What is, if any, the semantic function of the first person pronoun? Why do I say “I”? And could I do without this form of reference without my thought losing it’s meaning?
Furthermore, if my name is a rigid designator, used to refer to no one and no thing but me, why can’t I use my name as a substitute for “I” in any first personal sentence? Indeed, there seem to be empirical cases in which such substitution is the norm. I recall quite vividly when I was teaching young kindergarteners in Japan that often my students would refer to themselves in the third person saying something like “Ryo wants a toy as well” and meaning themselves. In cases such as these, is the first person represented in the syntax or even in the actual inflection or cadence of the utterance in another way; does Japanese grammar evince a fundamentally different way of thinking from say, the thought structure of Anglophones? Or does this difference point to the formal superfluity of the option to say “I”?
To answer these questions it would seem paramount that we examine what (if any) information is communicated uniquely only when the first person pronoun is utilized in a sentence. Let’s take a thought, any thought, and express it using different forms of reference.
“I am seated at the desk writing.”
“He is seated at the desk writing.”
“This man is seated at the desk writing.”
“You are seated at the desk writing.”
“There is a man seated at the desk writing”.
Taking the last sentence first, we notice that this statement does not tell us how the speaker came to acquire this belief. This is a fact that one could come to believe by perception, deductive inference or testimony. If I want to know what my grounds are for asserting this belief I must appeal to another belief. This knowledge is also accessible to no one specific but to anyone able to make a judgment.
When I say “I am seated at the desk writing” the epistemological situation seems different. Only the person writing seems able to access such knowledge because only I know what I am thinking as I move pen on paper.
Could my brain be scanned and the very same information – that I am writing and not say, pretending to write – be divulged? May technology render the first person pronoun effectively redundant?
That is, supposing the first person pronoun evolved as a means of ‘tagging’ semantic content that was being traded in the Space of Reasons as content that was specifically accessible to only the individual who proffered is, supposing this, might it be the case that we will ‘out grow’ the first person? For example, if telepathy were on the table as a faculty of the mind, any thinker could think the thought of any other and inhabit the perspective of any individual. What would be the effect of this? Is privacy of mind a necessary attribute of conscious thought? It seems that third person and demonstrative thoughts would never find epistemic grounding since observer-general facts such as “there is a man seated at a desk writing” and demonstrative facts like “this man is seated at a desk writing” have unique and distinct semantic and informational content. The second includes the information that this fact is known perceptually or, if the sentence is uttered when perception of the scene is no longer possible, then it refers anaphorically to (or standing in for) a previous man mentioned in earlier testimony. Demonstratives can catch hold of perceptual judgments or second person judgments wherein my saying “this man” instead of “the man” seems to acknowledge that new judgments are being made about the same figure just referred to. If I say “He is writing” again I rely on a faculty of perception or anaphora to pin down who it is I am talking about. “You” seems special in that it immediately contains the information that there is an exchange going on between two distinct minds. Could a telepathic community say “You?” and mean anything different than “He” or “this”?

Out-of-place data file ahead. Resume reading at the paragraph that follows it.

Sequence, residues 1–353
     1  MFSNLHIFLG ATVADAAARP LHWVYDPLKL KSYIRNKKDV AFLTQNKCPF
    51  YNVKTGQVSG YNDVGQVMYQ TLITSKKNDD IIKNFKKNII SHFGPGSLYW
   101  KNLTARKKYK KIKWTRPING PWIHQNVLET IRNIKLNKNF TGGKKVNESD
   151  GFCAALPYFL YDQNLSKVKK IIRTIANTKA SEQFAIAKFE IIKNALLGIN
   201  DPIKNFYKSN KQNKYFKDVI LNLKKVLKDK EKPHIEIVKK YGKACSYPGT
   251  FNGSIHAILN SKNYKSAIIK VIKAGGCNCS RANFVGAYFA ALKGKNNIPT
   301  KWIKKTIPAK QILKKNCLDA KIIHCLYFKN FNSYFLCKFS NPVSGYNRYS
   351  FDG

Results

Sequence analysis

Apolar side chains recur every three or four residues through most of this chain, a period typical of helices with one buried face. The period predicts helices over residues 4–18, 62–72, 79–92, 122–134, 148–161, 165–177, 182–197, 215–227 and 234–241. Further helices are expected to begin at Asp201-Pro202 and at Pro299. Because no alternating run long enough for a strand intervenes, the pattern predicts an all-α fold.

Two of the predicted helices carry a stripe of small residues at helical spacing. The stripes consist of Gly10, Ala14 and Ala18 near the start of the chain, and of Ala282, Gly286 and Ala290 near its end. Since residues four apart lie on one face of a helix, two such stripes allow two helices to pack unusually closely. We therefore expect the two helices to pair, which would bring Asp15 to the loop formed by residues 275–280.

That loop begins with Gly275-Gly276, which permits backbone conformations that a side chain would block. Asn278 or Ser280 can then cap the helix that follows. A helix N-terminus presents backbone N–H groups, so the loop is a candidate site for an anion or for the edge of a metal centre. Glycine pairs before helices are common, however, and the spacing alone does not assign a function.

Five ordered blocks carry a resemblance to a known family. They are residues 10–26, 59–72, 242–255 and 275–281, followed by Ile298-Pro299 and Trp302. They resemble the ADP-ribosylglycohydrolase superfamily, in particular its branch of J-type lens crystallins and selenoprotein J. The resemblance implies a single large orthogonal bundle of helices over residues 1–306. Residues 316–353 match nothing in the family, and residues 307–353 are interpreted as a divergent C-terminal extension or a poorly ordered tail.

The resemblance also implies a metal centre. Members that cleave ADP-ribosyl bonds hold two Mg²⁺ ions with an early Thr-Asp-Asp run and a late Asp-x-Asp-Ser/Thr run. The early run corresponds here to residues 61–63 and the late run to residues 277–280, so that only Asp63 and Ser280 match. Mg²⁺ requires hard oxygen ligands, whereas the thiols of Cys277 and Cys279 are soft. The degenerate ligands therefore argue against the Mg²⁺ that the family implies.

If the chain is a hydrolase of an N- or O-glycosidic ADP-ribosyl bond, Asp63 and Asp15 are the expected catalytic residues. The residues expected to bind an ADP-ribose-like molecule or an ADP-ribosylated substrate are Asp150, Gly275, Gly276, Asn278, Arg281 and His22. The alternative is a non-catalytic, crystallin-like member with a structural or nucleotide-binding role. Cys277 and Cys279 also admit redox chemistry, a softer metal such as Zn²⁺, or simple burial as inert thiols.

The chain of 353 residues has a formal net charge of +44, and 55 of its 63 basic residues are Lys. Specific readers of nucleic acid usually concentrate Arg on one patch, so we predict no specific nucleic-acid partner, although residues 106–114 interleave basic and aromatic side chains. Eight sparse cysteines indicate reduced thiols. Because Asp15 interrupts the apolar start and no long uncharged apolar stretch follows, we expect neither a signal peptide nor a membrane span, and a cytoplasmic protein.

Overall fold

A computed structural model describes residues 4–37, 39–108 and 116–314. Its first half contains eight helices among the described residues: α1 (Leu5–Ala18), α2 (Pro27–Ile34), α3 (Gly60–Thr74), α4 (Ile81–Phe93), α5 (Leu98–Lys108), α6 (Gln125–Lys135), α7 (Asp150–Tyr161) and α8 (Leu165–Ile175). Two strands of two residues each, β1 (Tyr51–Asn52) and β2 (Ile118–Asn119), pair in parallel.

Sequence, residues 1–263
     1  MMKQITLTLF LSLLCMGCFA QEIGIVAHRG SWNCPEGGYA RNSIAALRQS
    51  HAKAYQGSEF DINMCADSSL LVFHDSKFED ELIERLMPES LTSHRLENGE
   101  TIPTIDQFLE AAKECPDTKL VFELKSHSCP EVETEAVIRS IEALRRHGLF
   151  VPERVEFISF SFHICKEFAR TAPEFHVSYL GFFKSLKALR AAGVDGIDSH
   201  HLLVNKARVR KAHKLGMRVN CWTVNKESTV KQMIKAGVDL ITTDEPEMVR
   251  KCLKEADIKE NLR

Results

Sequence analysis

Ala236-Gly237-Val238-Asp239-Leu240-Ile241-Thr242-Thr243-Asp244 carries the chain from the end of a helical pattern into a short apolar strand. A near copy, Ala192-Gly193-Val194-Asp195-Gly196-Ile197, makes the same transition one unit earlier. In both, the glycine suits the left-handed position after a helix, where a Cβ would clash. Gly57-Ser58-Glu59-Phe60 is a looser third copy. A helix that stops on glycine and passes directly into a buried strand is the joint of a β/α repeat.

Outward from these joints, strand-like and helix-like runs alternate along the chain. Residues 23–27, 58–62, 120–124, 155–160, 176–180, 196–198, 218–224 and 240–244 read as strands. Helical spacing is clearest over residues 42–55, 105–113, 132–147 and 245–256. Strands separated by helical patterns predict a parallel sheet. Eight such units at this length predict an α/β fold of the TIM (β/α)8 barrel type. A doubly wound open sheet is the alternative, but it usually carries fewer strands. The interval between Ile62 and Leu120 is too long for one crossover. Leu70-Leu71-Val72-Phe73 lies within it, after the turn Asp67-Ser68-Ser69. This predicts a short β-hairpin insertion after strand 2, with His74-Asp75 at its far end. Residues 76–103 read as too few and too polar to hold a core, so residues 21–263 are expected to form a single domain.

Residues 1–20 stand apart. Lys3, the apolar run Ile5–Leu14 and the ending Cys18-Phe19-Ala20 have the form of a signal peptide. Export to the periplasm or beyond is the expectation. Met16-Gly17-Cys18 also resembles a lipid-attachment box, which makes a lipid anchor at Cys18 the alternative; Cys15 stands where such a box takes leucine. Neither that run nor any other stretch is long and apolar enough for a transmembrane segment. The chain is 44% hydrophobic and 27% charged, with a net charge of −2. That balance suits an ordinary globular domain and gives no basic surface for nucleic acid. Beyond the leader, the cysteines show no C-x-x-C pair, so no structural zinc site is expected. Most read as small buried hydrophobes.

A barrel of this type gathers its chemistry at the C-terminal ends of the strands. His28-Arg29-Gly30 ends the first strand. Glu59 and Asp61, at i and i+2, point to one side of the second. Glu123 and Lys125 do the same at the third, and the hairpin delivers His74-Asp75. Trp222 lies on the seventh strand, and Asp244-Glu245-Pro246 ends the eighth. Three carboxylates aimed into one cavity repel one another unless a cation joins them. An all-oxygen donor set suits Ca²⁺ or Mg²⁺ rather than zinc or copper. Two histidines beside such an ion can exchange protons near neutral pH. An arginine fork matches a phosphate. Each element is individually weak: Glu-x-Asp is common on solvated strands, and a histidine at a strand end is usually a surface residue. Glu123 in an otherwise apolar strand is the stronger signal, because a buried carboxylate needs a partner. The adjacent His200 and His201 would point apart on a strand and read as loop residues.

“I” it appears, grounds the fact that all judgments come from a finite and therefore private perspective. But there are implications from current research in neuroscience that suggests that particular thoughts, say that “Paris has some lovely cafes” or “I think I will go for a hike today” are identifiable from examining a thinker’s brain from a third person point of view, that is to say, from the “outside”. The implication would be that such thoughts are coded and identifiable as first person thoughts when examined from a third person perspective. This would mean that the first person perspective was still a unique mode of knowing or believing but that it did not contain any further information than could be expressed third personally. But could this be a deeply mistaken idea about the nature of thought? What if thoughts are not events at all? On this view, a statement, which of course takes a certain amount of time to be spoken, would merely represent a thought symbolically but the thought itself could not be isolated in time as if it were something that ‘occurred’. Might the reason for this be that thoughts are never entirely separable from each other? This would ring consonant with the phenomenological experience of “changing one’s mind” wherein one’s entire state of mind and edifice of beliefs may be altered irrevocably because a new judgment was made, perhaps only explicitly about one state of affairs but implicitly always about the way “everything hangs together.”
More on this later…this thinker thought.